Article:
- By glens
- In Danielle's Mission Check
- Posted June 22, 2017
The Whole Foods Acquisition
In this series, Glen’s Founder, Danielle Vogel, shares her thoughts on current events, products and makers, and any and everything that impacts our mission.
Last week’s news that Amazon plans to acquire Whole Foods got me thinking about how far we are from the days when my great grandfather sold sides of beef from the back of a truck. That was long before the era of the mega market – a time when folks bought meat from a butcher, milk from a milkman and bread from a baker. They made special trips, with a consciousness of intention.
The day after I learned the Amazon/Whole Foods news, I stepped into a large, chain grocery store on the West Coast. I watched people shelf-sweep industrially produced products into over-sized carts. I saw aisle after aisle of the same processed food I could find at any similar store around the country – food with no sense of place or season, which had traveled a great distance to its stage. Next, I walked down the street, past the exact same chain stores and fast food restaurants I’d find in any American city. Three thousand miles from my home in DC, I could buy the same hoodie, throw pillow or hamburger I could find down the block from my house, and none of it came from anywhere near where it was being sold. How impersonal and uninspiring. And I say this not just as the founder of an all-local market, but as a fourth generation grocer with a genetic mandate to care deeply about the intersection of nourishment and urban neighborhoods.
It seems like the only difference between the industrial fast food that lines our streets and the processed food that fills our supermarkets is that one is served hot. The experience of walking down an aisle of stripped and manipulated wheat products is no more delightful than selecting an item off a menu that you could find in any other restaurant of the same chain anywhere in the country or the world.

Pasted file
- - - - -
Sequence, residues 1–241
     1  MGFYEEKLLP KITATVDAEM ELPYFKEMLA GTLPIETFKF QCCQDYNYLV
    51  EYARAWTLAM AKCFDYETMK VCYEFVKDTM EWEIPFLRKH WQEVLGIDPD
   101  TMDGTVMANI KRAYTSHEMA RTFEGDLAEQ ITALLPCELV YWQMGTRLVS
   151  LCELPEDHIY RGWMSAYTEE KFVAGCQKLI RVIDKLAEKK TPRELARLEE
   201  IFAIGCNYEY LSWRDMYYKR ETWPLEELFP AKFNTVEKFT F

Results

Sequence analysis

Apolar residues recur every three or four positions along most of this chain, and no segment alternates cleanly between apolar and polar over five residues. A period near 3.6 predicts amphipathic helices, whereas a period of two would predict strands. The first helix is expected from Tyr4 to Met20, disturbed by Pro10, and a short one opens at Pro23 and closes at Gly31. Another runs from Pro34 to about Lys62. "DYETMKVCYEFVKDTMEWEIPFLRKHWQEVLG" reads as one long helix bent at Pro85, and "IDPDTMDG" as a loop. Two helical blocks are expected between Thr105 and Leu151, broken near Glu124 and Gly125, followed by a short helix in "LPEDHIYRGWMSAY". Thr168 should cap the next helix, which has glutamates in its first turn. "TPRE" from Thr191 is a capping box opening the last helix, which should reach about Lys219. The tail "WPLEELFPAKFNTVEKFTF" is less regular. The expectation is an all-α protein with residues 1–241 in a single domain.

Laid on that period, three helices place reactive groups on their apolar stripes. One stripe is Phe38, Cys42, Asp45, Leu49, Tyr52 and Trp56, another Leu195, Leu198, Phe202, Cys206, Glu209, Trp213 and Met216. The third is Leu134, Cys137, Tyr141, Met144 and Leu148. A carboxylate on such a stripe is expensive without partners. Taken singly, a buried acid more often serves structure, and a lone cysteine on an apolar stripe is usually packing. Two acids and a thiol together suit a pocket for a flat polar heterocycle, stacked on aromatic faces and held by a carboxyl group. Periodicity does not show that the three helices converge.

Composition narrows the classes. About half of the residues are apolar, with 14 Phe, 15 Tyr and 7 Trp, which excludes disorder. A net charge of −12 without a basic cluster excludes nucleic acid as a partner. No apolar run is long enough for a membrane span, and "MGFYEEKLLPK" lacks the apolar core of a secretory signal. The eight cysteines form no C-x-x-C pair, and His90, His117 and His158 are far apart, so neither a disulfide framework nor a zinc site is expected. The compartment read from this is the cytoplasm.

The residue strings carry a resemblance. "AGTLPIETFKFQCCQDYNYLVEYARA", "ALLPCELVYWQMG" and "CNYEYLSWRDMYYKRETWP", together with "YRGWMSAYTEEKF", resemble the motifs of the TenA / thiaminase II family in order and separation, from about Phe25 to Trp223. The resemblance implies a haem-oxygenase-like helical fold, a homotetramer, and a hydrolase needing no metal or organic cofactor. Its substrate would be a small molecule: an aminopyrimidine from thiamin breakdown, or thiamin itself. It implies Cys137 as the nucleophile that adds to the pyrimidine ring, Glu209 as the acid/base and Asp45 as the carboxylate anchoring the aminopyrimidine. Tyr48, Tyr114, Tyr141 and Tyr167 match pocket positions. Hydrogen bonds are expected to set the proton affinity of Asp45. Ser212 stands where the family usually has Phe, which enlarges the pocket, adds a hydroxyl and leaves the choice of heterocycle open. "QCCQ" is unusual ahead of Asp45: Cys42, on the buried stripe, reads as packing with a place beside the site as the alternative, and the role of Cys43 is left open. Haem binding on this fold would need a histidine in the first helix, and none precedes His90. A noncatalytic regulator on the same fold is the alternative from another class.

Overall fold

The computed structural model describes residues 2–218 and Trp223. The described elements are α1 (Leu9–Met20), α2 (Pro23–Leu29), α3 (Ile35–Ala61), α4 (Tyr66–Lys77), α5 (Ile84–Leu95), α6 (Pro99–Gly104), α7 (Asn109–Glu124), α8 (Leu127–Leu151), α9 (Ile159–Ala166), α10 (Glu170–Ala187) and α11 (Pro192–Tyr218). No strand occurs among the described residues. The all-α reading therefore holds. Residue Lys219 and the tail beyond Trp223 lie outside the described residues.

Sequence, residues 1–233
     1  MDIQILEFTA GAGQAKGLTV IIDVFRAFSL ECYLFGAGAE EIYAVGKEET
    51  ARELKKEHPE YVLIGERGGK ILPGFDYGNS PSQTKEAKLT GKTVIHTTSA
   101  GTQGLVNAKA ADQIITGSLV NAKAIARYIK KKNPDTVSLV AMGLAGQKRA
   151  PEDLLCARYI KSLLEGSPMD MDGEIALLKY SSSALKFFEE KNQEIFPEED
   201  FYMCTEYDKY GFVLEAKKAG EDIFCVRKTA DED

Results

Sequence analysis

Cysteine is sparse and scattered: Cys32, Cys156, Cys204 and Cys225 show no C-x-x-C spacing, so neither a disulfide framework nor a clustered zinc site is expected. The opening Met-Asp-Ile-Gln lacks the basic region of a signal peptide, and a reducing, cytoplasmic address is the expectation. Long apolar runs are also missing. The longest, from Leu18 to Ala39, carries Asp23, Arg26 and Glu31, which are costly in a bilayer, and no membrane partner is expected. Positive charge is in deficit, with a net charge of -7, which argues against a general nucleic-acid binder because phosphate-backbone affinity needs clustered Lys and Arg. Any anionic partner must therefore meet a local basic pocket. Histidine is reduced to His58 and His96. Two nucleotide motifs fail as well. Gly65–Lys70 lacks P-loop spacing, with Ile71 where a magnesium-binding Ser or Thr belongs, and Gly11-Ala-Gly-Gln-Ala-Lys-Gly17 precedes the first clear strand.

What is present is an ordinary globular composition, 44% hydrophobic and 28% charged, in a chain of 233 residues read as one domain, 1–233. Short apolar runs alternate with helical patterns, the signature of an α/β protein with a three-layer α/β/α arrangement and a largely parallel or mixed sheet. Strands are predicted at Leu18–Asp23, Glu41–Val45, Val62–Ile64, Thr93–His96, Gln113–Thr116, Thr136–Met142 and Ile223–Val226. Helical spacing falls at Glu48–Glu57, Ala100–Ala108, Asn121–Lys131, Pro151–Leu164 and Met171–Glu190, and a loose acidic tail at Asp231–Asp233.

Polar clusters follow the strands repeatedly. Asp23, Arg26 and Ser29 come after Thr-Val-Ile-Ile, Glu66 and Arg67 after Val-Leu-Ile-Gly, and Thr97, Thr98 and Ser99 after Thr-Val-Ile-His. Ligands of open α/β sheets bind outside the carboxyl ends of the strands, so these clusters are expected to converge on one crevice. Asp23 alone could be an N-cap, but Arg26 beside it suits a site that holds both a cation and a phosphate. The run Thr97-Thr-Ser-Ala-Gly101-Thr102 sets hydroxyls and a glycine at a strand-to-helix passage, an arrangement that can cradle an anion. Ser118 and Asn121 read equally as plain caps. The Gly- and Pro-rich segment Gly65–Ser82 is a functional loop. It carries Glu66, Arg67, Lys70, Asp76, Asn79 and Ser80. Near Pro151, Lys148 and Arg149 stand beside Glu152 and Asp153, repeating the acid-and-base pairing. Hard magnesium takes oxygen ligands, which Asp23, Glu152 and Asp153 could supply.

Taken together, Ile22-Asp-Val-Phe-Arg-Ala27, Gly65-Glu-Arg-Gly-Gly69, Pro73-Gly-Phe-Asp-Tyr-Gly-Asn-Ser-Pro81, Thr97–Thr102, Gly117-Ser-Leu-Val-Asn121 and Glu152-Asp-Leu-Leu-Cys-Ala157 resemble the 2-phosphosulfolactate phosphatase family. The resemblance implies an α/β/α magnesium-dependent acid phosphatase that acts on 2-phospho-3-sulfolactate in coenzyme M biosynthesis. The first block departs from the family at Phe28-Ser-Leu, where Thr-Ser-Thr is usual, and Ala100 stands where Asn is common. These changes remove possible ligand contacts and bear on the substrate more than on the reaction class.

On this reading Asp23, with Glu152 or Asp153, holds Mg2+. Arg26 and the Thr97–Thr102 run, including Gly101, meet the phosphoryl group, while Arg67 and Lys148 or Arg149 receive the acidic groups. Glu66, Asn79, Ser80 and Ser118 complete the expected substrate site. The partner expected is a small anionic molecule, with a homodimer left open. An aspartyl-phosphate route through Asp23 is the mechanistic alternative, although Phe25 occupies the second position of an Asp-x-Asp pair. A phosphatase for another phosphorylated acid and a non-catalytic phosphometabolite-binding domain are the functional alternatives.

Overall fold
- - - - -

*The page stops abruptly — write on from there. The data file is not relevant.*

Shouldn’t there be joy and pleasure in the adventure of nourishing ourselves? Shouldn’t our meals be just as much an expression of our personal values and priorities as are our politics? Where is the wonder in walking a grocery aisle in DC filled with the same commodity corn derivatives you’d find anywhere else in the country? Grocery shopping under those conditions is as devoid of excitement as shopping for fast food, because that’s exactly what it is.
Let’s care where our food comes from. Let’s take pride in our region’s bounty and the labor of the mindful food producers that surround us. Let’s notice that tomatoes grown far, far away, harvested before their time, and shipped across the country in the back of a truck are both bad for the environment and less delicious than the perfect heirlooms of summer, which grow just up the road. Let’s express ourselves through our food choices, and let’s celebrate the unique options that are available only to us, and that will never land on a shelf across the country. Let’s forage for Good Food from close by. Let’s not shop like we’re doing our best impression of the drones that deliver it.